Important roles played by TGF-β in hepatitis B infection
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Hepatitis B virus (HBV) which includes, fulminant, acute, chronic, asymptomatic, and occult HBV infection is the most prevalent virus that leads to human liver diseases. Chronic, asymptomatic, and occult infection can induce further sever diseases such as hepatocellular carcinoma (HCC) and cirrhosis of the liver. The underlying mechanisms that allow progression of the prolonged forms of the infection and subsequent HCC or cirrhosis of the liver are yet to be clarified. However, many researchers have suggested that immunological and genetic parameters may play important roles in the etiology of hepatitis B. Transforming growth factor beta (TGF-b) is an important cytokine with dual regulatory functions in the immune system and in the responses against viral infections. However, the pathways and mechanisms controlling these are not fully understood. The crucial roles of TGF-b in the development of Th17 and T regulatory lymphocytes, the main cell types involved in autoimmunity and destructive immune related diseases, have been documented and this provides insights into TGF-b function during hepatitis infection and subsequent HCC and cirrhosis of the liver. Recent findings also confirm that TGF-b directly alters hepatocyte function during hepatitis B, hence, the aim of this review is to address the current data regarding the association and status of TGF-b with hepatitis B infection and its related disorders including HCC and cirrhosis of the liver.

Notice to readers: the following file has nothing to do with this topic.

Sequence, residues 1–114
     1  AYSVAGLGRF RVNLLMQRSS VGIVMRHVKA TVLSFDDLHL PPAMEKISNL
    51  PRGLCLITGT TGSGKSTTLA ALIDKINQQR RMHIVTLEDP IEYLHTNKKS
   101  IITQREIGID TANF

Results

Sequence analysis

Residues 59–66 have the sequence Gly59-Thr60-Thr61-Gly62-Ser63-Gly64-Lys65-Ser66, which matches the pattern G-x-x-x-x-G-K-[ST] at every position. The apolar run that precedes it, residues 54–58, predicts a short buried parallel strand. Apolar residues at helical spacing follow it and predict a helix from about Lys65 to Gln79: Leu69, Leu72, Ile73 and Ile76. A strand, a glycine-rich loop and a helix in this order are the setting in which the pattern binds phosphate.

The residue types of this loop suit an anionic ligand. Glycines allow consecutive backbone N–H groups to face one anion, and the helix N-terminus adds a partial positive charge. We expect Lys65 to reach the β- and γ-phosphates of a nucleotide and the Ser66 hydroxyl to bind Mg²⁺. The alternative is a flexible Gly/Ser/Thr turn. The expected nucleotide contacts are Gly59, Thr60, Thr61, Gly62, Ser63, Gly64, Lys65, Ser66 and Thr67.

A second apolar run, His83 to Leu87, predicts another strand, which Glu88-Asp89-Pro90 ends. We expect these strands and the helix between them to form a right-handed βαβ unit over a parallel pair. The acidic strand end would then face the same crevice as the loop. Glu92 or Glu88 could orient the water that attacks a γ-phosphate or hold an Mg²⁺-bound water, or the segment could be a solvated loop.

Journal of Medical Virology